Corn tortillas used to be on the shortlist of foods I never thought I’d want to make from scratch. Like ketchup. Like butter. Like crackers. Primary foods that seem pretty great when you buy them from the grocery store, just the way they are. Plus, I am lucky to live in Chicago and you can find a Mexican market nearby selling handmade tortillas just about any time you want.
So, there was no need to make my own tortillas. Plus, they seemed complicated-ish. Right?
But then my cousin Anjie came to town. (Truthfully, Anjie is my husband’s cousin, but I have adopted her as my personal prima, because I love her so much. ) Last week, Anjie flew in from her apartment by the beach in southern California to help us cook and shoot dozens of dishes for Familia Kitchen recipes.
In her hand when she walked in the door from the airport was a handmade, wood tortilla press she picked up at her local Mexican market. It is gorgeous. It looks like a piece of sculpture.
Look at this press!
Anjanette Villalobos, aka my cousin Anjie, is one of the most intuitive and gifted cooks I have ever met. In her hands, salsa, tacos de papa, tortilla soup, and this green chicken pozole transform into a timeless and essential expression of their humble ingredients. Her food tastes both simple and complex in the same bite. Each dish she makes is the very best version of that comida that I’ve had. Ever.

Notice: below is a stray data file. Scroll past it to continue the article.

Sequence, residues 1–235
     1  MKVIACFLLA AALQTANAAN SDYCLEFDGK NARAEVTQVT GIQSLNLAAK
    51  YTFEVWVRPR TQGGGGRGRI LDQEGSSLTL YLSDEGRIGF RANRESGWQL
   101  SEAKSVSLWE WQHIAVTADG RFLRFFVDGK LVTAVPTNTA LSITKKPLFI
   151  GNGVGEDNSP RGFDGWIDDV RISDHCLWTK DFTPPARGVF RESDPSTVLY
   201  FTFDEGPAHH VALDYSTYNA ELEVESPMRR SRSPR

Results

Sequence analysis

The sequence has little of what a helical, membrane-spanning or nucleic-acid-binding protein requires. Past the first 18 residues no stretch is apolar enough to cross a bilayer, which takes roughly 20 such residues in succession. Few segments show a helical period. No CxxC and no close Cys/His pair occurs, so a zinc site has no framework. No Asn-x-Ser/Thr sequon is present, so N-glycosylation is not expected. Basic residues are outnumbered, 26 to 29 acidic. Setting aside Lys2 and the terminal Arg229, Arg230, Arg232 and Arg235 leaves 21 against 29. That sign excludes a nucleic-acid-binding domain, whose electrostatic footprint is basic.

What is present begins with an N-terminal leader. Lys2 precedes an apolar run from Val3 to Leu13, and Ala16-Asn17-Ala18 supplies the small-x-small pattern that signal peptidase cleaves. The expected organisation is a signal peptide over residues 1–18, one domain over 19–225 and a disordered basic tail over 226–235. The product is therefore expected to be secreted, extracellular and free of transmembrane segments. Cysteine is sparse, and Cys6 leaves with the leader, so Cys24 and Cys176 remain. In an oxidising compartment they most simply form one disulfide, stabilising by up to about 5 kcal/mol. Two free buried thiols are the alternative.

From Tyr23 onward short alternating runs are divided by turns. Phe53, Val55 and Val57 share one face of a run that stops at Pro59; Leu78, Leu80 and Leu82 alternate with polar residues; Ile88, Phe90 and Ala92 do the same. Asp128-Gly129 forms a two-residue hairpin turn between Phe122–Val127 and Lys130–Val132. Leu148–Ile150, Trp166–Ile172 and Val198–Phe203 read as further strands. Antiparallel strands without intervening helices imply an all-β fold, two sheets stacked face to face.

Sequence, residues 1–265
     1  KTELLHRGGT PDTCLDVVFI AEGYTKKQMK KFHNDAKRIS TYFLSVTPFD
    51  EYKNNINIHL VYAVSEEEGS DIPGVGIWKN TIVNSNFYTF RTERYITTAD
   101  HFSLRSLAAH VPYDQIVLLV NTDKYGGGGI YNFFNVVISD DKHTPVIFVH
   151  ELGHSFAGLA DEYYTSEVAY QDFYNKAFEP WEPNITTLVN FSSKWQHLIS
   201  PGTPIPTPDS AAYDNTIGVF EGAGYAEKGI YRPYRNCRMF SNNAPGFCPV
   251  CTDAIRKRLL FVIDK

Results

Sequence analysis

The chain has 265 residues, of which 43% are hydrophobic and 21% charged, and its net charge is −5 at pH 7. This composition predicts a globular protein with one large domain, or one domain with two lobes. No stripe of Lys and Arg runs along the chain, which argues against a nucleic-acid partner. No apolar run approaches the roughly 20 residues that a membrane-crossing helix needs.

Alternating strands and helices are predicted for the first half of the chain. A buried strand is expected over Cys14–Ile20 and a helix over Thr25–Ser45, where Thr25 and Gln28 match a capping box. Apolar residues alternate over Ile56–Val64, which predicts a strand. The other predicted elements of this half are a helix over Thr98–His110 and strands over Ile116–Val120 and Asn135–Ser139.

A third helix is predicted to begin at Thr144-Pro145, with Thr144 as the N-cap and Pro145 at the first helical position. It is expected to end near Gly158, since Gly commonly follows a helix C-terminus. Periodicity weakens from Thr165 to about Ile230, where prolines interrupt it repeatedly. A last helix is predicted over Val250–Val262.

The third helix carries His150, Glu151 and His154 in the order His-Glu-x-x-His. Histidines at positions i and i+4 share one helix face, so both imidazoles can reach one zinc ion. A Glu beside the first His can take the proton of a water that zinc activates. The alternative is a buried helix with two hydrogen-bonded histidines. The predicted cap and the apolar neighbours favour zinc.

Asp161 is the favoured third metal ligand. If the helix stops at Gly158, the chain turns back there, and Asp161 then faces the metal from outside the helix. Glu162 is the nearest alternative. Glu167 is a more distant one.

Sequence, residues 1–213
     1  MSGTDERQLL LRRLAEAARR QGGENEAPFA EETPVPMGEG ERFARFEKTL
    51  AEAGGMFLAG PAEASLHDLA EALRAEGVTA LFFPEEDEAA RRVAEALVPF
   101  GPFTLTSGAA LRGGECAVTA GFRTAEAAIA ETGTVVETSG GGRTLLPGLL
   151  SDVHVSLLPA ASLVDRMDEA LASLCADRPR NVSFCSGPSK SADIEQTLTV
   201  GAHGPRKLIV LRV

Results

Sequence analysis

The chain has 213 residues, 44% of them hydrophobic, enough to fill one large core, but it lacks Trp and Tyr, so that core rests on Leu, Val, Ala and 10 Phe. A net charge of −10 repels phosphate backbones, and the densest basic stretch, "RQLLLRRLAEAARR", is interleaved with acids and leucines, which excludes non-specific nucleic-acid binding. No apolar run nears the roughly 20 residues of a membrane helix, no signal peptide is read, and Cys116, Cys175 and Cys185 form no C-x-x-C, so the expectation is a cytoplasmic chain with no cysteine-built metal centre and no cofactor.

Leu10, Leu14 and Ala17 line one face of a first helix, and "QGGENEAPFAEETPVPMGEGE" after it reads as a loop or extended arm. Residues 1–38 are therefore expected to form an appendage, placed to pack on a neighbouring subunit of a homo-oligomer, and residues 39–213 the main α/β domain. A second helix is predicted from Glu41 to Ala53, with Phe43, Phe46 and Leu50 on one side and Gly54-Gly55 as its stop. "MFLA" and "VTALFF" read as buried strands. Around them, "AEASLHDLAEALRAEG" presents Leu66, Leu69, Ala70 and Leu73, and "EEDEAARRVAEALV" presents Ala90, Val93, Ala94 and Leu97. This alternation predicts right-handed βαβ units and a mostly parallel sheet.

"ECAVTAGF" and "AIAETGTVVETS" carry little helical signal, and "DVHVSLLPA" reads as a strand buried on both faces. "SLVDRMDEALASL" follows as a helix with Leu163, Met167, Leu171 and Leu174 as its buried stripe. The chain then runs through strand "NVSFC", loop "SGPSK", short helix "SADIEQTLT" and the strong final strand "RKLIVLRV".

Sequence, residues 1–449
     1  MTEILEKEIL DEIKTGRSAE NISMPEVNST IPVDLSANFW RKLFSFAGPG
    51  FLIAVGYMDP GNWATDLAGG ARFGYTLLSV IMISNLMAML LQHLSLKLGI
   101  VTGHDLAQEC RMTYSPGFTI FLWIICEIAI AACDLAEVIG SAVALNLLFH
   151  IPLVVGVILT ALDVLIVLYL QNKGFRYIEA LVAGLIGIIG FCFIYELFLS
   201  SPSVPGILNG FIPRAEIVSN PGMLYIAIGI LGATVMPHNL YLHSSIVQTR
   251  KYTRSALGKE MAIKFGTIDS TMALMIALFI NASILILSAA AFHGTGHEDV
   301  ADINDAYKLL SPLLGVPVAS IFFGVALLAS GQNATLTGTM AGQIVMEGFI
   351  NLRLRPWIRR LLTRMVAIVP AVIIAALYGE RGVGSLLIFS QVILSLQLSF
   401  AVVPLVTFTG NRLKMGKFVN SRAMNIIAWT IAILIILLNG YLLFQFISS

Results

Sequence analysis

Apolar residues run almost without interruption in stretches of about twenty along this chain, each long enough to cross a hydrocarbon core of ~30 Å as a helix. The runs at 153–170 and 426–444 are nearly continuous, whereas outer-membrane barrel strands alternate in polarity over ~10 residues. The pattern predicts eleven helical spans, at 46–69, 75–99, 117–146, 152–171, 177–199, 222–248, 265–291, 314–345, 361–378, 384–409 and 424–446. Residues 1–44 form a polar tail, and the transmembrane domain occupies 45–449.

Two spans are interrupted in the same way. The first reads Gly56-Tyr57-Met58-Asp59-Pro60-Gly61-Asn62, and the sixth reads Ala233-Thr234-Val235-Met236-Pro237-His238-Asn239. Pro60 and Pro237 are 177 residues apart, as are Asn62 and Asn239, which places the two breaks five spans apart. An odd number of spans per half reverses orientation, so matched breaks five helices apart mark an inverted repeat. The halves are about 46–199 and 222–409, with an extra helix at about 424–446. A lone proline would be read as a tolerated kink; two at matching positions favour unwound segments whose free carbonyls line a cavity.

Anjie doesn’t use measuring spoons, feels her way through cooking times and temperatures, and seems to have hundreds of Mexican recipes in her head.
Her cooking heritage comes from her mother Zelma, her abuela Pino, and their side of the family, which goes many generations deep in New Mexico. The familia has since mostly resettled in California. When Anjie lived in France some years back, she missed her family’s New Mexican and Mexican cooking cooking so much, she started making corn tortillas and tamales from scratch and kept it up when she moved back to the States.
If you, like I used to, think tortillas are hard to make, I have news. Tortillas are shockingly easy to make and press into service. Here’s why going handmade is worth your time.
• are thicker and more chewy-good
• hold taco toppings and/or sop up your favorite mole or pozole better
• taste like real corn
• have a coarser texture, which adds earthy flavor
• cost less,
• transport your comida to a higher level of authentic and delicioso.
I am now the lucky owner of this press (thank you, Anj). My current comida goal: become a true tortilla master, one handmade corn masa disc at a time.
Ready to make homemade tortillas like my cousin Anjie?
Photography: Michelle Ezratty Murphy